Cleveland’s Dylan Baldi has something great going for him and he knows it. On Cloud Nothings new self-titled debut full-length, the 19-year-old puts together an impressive collection of songs that showcases his talents for Carpark. Gone is the lo-fi scuzz from his parents’ basement that was present on the fantastic Turning On, as Baldi reaps the benefits of being in a proper studio with a producer like Baltimore’s Chester Gwazda.
From start to finish, Baldi powers through clean tracks chock full of hooks that won’t leave your head. From “Understand At All” through “All The Time,” he uses repetition to drill these hooks into your head so that they never, ever leave. From the lead single, “Should Have”: “I always knew I’d follow you / And I now I know that it’s much better.” I could do this for every song, but you get the picture.
When “Understand At All” and “Should Have” were released, I was a little afraid that the entire album was going to be the same, clean pop rock, but many of the songs have darker, punker sides. Most noticeable was “Not Important,” the second track following the kickoff of “Understand At All.” From the first lines of “You’re so ugly / I don’t really understand / Why you’re famous / I just know you’re good in bed” you know something’s different, especially with the lyrics delivered straight from the throat. The same goes for “Heartbeat,” which times in at a slick 1:09. For me, “Heartbeat” just seems to be the manifestation of hooks — one-liners that Baldi thought of and then strung together. After all, the only lines in the song are “All anyone wants to do is think of sun / All anyone wants to do is live all wrong” and “I don’t have a heartbeat / Why don’t you?”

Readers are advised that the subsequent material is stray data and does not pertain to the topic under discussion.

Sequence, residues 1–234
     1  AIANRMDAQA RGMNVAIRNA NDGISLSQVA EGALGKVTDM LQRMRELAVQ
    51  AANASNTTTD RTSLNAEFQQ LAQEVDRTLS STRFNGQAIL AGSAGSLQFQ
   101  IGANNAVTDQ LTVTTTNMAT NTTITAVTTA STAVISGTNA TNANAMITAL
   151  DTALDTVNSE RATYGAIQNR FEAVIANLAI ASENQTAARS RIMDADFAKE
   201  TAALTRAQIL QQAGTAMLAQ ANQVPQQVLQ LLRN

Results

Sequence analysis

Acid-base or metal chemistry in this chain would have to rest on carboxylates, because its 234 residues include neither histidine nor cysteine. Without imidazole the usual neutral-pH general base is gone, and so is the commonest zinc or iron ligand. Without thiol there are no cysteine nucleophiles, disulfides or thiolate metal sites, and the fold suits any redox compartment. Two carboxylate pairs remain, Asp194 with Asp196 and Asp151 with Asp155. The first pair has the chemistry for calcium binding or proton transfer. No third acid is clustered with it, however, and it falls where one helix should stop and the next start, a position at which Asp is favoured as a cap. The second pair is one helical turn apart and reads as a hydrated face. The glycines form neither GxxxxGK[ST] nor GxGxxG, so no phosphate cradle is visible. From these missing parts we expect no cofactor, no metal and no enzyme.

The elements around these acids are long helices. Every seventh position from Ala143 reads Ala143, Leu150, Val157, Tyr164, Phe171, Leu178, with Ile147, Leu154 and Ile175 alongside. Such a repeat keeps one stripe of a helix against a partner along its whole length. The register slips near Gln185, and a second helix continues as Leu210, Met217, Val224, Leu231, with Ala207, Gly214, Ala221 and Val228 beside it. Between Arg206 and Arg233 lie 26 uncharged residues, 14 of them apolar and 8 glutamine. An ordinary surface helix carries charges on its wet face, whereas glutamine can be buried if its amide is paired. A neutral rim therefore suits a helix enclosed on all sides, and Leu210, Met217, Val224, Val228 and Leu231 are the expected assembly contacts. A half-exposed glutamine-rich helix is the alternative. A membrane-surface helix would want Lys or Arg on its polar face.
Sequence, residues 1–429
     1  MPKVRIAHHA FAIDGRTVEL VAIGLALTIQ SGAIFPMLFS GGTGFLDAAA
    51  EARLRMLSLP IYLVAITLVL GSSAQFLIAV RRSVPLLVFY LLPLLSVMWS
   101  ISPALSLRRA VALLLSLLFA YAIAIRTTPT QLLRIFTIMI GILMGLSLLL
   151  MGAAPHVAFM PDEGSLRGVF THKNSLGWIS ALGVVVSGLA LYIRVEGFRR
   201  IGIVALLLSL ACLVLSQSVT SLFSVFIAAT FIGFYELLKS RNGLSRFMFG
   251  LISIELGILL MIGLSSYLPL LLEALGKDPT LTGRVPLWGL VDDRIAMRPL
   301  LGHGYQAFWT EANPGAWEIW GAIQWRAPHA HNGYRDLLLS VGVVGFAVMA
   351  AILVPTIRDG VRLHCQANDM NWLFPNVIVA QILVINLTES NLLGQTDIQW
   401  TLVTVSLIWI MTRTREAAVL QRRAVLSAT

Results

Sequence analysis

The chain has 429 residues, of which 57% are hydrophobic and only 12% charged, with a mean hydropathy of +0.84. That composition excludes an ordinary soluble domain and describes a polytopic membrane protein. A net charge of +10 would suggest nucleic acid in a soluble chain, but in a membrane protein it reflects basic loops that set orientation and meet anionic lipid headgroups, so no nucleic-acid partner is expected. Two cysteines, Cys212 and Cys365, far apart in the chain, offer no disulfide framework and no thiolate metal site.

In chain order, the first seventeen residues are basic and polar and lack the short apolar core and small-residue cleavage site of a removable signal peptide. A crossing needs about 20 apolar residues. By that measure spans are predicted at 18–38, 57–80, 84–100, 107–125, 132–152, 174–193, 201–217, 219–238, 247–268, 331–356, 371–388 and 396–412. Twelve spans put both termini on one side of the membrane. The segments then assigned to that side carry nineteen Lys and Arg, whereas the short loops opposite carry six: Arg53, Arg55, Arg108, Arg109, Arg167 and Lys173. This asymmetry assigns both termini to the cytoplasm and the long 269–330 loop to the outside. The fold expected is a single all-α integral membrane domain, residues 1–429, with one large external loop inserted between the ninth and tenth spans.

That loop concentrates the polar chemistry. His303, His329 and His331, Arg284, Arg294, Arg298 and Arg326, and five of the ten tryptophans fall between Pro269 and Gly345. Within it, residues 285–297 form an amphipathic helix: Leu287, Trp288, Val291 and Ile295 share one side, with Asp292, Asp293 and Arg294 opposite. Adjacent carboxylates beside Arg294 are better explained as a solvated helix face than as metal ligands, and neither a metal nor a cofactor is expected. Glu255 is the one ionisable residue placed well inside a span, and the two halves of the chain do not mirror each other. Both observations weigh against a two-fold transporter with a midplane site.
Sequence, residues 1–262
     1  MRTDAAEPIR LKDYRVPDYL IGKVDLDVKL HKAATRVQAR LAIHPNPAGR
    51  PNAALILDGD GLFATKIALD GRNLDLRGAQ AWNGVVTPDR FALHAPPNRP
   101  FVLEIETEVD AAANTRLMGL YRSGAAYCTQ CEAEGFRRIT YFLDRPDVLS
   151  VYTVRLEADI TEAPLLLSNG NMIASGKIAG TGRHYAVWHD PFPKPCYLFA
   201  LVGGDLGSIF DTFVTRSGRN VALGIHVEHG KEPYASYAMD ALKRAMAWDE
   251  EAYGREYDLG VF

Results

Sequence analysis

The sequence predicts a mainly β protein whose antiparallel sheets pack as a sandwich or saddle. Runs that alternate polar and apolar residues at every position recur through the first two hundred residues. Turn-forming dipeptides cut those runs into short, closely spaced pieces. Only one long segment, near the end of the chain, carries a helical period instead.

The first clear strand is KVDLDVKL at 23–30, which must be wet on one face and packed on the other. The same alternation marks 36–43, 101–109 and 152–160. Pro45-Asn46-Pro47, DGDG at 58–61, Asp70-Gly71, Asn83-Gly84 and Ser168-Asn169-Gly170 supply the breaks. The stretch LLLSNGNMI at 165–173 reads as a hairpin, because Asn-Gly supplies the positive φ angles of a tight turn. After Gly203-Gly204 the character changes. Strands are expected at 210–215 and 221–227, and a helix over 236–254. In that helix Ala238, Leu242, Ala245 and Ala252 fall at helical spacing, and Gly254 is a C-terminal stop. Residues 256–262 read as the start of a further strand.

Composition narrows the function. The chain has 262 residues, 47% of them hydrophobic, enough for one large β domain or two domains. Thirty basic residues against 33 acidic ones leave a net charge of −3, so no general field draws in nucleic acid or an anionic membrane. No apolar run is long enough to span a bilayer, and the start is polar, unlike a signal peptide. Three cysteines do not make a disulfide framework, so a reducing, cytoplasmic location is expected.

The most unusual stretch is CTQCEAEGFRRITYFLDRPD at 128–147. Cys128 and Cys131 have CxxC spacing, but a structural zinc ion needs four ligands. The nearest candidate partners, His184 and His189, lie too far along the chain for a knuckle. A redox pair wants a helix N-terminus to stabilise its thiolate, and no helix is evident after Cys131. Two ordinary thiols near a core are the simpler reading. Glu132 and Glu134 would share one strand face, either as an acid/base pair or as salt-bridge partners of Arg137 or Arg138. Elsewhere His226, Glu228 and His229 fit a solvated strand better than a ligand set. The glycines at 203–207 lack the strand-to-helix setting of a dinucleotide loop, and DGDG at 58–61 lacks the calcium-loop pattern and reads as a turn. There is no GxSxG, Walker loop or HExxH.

Baldi definitely benefited from working with Gwazda, whose work on past Dan Deacon and Future Islands projects is awesome. Plus, it doesn’t hurt that the fact that it was recorded in Baltimore gives it a little more of a connection to me. The production is clean, clear and nothing is too excessive. A song like “Nothing’s Wrong” has a bit of a Baltimore flair to it, with the sped up and spastic vocals and a little twist in the bass part, which adds some to the album, although it can ruin the flow a little bit.
The two crowning achievements of the album come at the end with two of the last three tracks, “Been Through” and “All The Time.” Both showcase pop punk riffs that nearly anyone can get into, while they both exhibit the hooks that are making Cloud Nothings great. “Been Through” opens with a repetition of “Nothing’s working” and “Do you feel alright? You shouldn’t” before launching into the breakdown-like chorus of “I am understanding but I can’t believe what you’ve been through,” another sweet and catchy hook. On “All The Time,” a fantastic closer to the album, Baldi sings of his friends, forever and never, before the chorus of “It happens all the time / At least that’s what they know.” Baldi shows a great understanding of how an album is supposed to be structured and how it’s supposed to flow, something that feels like is lost today.
Overall, Cloud Nothings self-titled is a fantastic 2011 release, and a great sign of things to come from a kid that’s only 19, but has one of the most expansive and versatile catalogs I’ve seen. It’s definitely worth picking up and giving a listen to right now.